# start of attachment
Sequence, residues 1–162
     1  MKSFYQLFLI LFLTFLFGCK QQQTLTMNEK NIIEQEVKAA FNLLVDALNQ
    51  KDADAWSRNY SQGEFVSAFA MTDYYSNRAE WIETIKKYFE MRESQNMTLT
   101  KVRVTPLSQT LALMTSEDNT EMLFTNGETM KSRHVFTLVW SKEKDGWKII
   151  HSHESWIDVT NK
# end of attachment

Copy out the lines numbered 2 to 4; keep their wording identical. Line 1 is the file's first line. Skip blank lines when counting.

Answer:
     1  MKSFYQLFLI LFLTFLFGCK QQQTLTMNEK NIIEQEVKAA FNLLVDALNQ
    51  KDADAWSRNY SQGEFVSAFA MTDYYSNRAE WIETIKKYFE MRESQNMTLT
   101  KVRVTPLSQT LALMTSEDNT EMLFTNGETM KSRHVFTLVW SKEKDGWKII